Bosnian Chronicle

Review

a Travnicka hronika VelikaA timeless saga of intrigue and conquest in the heart of Bosnia presents the struggle for supremacy in a region that stubbornly refuses to submit to any outsider. Andric's sweeping novel spans the seven years 1807-1814, when French and Austrian consul served alongside the Turkish Viziers in the remote Bosnian town of Travnik, distant outpost of the Ottoman Empire. Divided as the community is, Muslims, Catholic and Orthodox Christians, Jews and Gypsies all unite in a common contempt for their visitors. Isolated in a claustrophobic atmosphere of suspicion and mutual distrust, the consuls and Viziers vie with each other, following the fluctuations of their respective foreign policies. When international politics permit however, they console each other as best they can in this harsh and hostile land.

The time is Napoleonic and the novel, both in its historical scope and psychological subtlety, is Tolstoyan. In its portrayal of conflict and fierce ethnic Bosnian chronicleloyalties, the story is inevitably eerily relevant to readers today. Ottoman viziers, French consuls, and Austrian plenipotentiaries are consumed by a ceaseless game of diplomacy and double-dealing: expansive and courtly face-to-face, brooding and scheming behind closed doors. As they have for centuries, the Bosnians themselves observe and endure the machinations of greater powers that vie, futilely, to absorb them. Ivo Andric posses the rare gift in a historical novelist of creating a period-piece, full of local colour, and at the same time characters who might have been living today. His masterwork is imbued with the richness and complexity of a region that has brought much tragedy to our century and known so little peace.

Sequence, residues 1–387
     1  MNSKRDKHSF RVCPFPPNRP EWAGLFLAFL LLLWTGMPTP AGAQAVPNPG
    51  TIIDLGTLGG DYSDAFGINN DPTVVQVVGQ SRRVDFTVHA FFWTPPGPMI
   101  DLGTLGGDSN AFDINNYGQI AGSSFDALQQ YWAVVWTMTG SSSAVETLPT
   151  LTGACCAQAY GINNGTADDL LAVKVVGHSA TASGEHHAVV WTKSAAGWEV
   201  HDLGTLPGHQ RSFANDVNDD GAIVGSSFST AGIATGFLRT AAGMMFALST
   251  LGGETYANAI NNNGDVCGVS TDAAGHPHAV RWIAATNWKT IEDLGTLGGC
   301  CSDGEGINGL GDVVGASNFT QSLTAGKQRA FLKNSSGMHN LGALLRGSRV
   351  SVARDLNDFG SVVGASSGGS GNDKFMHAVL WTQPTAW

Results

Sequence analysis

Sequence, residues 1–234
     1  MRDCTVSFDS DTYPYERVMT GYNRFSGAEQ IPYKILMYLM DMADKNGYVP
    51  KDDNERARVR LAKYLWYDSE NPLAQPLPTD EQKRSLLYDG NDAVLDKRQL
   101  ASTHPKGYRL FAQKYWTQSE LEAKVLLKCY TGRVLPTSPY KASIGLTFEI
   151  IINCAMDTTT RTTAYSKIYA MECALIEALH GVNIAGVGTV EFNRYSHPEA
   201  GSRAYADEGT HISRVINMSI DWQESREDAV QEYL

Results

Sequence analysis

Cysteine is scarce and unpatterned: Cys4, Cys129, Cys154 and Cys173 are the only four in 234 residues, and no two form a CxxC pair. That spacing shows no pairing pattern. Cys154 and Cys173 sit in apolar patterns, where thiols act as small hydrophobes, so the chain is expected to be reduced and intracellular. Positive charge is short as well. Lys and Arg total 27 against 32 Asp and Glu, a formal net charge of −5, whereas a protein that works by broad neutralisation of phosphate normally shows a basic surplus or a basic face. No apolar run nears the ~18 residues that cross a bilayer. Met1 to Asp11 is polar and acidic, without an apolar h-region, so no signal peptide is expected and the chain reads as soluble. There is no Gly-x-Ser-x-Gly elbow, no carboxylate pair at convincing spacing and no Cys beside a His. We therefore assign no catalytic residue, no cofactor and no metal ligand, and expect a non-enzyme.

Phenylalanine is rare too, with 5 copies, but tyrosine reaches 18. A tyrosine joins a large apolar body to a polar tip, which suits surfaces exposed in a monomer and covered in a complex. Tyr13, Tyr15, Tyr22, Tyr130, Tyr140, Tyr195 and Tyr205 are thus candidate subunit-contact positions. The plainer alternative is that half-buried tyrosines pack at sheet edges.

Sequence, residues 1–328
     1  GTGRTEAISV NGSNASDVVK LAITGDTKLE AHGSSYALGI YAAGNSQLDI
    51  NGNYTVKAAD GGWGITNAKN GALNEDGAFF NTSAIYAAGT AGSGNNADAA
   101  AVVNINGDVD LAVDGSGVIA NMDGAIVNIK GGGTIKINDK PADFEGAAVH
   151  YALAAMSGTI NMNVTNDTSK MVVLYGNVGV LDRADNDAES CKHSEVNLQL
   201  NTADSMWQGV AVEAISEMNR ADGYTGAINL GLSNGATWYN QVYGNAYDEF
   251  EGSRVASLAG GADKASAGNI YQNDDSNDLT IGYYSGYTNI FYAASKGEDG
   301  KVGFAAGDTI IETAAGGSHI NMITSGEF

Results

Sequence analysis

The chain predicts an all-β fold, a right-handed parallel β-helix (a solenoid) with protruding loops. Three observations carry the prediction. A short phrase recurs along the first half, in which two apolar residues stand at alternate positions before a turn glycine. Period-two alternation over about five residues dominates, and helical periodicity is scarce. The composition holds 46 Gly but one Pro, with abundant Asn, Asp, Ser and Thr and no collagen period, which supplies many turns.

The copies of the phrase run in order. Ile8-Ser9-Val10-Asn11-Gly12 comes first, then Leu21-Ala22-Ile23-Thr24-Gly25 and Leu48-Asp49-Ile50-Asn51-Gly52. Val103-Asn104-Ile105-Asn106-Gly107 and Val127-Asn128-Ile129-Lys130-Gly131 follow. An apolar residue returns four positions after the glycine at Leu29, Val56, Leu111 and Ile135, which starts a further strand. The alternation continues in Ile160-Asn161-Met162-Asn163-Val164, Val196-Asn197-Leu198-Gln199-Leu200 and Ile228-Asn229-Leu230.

The writer uses his native Bosnia as a microcosm of human society, stressing its potential for national, cultural and religious misunderstanding and conflict, and identifying the barriers of all kinds that hinder communication between individuals. Written against the background of violence released in these mixed communities during the Second World War, the novel now has renewed and poignant relevance.